by Todd Habiger
SHAWNEE — As the coronavirus wreaks havoc across the world, there is no such thing as business as usual. But for many, business still continues, jobs need to be done, bills need to be paid and people still work in some form or another.
For Trinity House, a Catholic gift and bookstore in Overland Park, now is supposed to be its busy season.
“Normally, this is a very busy time of year for Catholic stores because of first Communion and confirmations, Holy Week coming up and people coming into the church,” said Robert Shea, owner of Trinity House and member of St. Michael the Archangel Parish in Leawood.
But the coronavirus pandemic has changed all of that. When people started quarantining themselves and practicing social distancing, business slowed down considerably. Now with the Kansas City metro stay-at-home order, Shea is worried.
“Our inventory at this time of the year is at its highest,” Shea said. “We purchased all this merchandise, and it’s not going to be sold, at least not for the foreseeable future. But the bills still have to be paid.
“As a small business owner, we have all our normal bills — our overhead, rent and utilities. And, of course, we have our employees. They’re like family.”
With the stay-at-home order, Shea has moved his business exclusively online for the time being. But he’s confident that he can still fulfill his customers’ needs.
“If somebody in the KC metro area is looking for a book, or a first Communion or confirmation gift that they know is going to come up — they just don’t know when — their local Catholic store is here for them,” he said.
Trinity House’s website has a large selection of books and gifts that Shea said can be shipped the next day.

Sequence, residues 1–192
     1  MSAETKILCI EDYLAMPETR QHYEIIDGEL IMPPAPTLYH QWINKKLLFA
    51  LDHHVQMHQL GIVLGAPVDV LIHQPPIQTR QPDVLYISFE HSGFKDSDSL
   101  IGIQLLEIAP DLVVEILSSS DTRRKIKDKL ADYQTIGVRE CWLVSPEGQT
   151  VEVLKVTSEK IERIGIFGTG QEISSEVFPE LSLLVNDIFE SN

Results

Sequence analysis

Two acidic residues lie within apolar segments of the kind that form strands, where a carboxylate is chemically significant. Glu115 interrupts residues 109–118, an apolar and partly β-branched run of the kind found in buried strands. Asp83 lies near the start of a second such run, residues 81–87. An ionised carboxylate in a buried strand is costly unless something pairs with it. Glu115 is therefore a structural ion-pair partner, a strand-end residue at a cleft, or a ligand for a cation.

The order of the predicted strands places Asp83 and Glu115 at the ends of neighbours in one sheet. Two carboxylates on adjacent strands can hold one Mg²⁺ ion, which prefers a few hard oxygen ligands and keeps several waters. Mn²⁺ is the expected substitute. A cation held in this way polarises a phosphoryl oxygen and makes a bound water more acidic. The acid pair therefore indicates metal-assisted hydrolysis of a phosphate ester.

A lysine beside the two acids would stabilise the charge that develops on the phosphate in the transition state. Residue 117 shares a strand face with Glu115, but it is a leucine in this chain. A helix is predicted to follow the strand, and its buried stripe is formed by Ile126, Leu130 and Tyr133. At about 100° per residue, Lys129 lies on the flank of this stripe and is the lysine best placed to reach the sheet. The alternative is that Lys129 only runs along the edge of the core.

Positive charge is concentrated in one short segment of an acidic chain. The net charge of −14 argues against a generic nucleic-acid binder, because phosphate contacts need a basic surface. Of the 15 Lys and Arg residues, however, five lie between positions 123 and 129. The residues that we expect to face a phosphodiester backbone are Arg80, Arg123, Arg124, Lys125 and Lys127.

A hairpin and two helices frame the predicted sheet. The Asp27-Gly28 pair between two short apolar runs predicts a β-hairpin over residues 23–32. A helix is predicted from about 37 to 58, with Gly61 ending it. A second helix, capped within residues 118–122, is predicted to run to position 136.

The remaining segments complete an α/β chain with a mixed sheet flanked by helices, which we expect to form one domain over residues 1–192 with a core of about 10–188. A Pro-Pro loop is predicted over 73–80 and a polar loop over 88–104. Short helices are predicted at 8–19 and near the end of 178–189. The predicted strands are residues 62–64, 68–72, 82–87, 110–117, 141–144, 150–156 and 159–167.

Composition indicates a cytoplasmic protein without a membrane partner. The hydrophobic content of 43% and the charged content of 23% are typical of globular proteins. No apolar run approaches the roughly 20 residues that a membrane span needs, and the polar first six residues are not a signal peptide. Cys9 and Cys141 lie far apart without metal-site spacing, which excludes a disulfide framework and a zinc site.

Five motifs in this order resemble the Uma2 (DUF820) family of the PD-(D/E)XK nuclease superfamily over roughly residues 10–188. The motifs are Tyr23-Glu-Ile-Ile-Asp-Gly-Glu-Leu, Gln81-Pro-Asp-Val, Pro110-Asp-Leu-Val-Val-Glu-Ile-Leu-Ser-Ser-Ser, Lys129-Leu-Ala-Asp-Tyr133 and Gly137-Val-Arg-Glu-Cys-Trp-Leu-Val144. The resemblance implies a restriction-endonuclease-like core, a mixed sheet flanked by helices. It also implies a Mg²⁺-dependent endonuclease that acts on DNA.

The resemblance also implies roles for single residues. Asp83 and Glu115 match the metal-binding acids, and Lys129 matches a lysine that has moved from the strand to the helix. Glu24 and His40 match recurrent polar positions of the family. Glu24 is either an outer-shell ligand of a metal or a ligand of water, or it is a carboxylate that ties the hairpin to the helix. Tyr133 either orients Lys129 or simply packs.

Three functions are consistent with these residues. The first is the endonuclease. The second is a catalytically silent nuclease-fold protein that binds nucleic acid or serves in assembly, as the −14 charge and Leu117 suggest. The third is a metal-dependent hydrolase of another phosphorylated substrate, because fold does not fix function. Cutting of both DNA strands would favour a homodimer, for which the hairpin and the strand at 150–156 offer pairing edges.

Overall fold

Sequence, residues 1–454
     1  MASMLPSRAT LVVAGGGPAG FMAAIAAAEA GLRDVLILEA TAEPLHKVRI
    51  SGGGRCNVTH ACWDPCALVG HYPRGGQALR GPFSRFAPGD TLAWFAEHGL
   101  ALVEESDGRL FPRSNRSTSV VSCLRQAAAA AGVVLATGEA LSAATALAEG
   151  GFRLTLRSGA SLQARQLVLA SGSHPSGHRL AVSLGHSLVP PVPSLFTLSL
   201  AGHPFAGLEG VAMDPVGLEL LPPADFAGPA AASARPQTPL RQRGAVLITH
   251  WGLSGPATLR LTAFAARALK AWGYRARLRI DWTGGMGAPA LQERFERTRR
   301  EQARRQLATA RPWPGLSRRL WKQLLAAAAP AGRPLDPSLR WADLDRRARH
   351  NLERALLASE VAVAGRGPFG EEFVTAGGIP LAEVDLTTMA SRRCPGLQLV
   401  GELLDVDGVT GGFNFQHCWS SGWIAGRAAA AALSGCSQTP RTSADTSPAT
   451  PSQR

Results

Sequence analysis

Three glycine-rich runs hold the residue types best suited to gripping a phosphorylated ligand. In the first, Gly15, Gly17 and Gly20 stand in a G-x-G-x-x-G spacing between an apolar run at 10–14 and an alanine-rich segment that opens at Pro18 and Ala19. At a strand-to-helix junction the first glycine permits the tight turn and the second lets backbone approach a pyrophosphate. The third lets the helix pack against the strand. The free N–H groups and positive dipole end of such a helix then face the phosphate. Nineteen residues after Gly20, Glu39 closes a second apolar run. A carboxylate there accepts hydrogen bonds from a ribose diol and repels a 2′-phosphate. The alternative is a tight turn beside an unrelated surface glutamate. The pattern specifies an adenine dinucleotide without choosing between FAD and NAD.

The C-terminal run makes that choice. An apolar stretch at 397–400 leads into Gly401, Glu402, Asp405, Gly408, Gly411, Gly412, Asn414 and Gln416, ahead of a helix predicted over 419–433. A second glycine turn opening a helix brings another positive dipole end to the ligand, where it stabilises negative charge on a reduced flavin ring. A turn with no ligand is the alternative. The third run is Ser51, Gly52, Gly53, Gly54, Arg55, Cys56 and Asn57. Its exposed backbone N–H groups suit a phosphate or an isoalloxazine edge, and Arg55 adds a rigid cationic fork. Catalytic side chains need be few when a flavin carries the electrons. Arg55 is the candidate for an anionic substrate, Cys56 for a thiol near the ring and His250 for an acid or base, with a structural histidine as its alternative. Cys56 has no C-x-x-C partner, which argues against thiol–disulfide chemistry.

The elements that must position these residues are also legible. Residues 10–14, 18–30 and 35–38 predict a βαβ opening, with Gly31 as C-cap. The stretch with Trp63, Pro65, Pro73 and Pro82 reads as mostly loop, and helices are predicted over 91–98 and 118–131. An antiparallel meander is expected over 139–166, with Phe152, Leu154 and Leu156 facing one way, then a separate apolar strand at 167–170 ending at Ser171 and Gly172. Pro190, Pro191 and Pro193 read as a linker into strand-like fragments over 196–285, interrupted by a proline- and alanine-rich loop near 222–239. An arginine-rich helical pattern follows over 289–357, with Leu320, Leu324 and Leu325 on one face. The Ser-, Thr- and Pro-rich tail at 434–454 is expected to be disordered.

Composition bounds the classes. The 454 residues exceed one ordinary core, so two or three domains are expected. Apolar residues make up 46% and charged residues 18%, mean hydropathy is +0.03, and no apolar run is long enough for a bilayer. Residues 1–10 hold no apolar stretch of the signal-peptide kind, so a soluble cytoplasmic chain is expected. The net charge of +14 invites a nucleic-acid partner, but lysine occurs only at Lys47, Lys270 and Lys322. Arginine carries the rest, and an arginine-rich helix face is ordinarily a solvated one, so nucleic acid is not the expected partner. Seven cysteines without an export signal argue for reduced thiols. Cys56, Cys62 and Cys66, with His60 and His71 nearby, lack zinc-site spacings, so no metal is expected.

“The internet business is not going to replace the walk-in business,” he said. “But if it helps to cover some of our overhead, that’s great. We just want to be here for people.”
Not much has changed for Alton Ludolph, a parishioner of St. Teresa Parish, Westphalia. As the owner of Ludolph Truck Line, his services are still needed — and in some ways, irreplaceable.
Specializing in hauling primarily grain and livestock, Ludolph has contracts that are still being fulfilled and he is still making over-the-road runs.
But with the threat of coronavirus, Ludolph and his employees are taking precautions to stay safe in the midst of the pandemic.
“We try to limit our contact as much as we can,” he said. “The grain elevator operators are also doing that. They try to limit the contact they have with everybody. Just do your thing, leave and get back home.”
Although the majority of his trips can be done in a day, Ludolph has heard that many long-haul truckers are having difficulties.
“I know of guys who are on the road who are having a hard time finding a place to eat or to shower,” he said.
Despite his business being largely unaffected, Ludolph still worries about the long-range future as some farmers could decide not to sell until prices get better.
“Right now, the price [for them] is so bad that there are not many cattle or much grain moving other than what was contracted earlier,” he said.
His big concern right now is keeping his employees busy and paid.
“I have two employees that I try to keep as busy as I can,” he said. “Whenever some loads come up, I let them have the first chance at them. I’m trying to keep everybody busy until this is over.”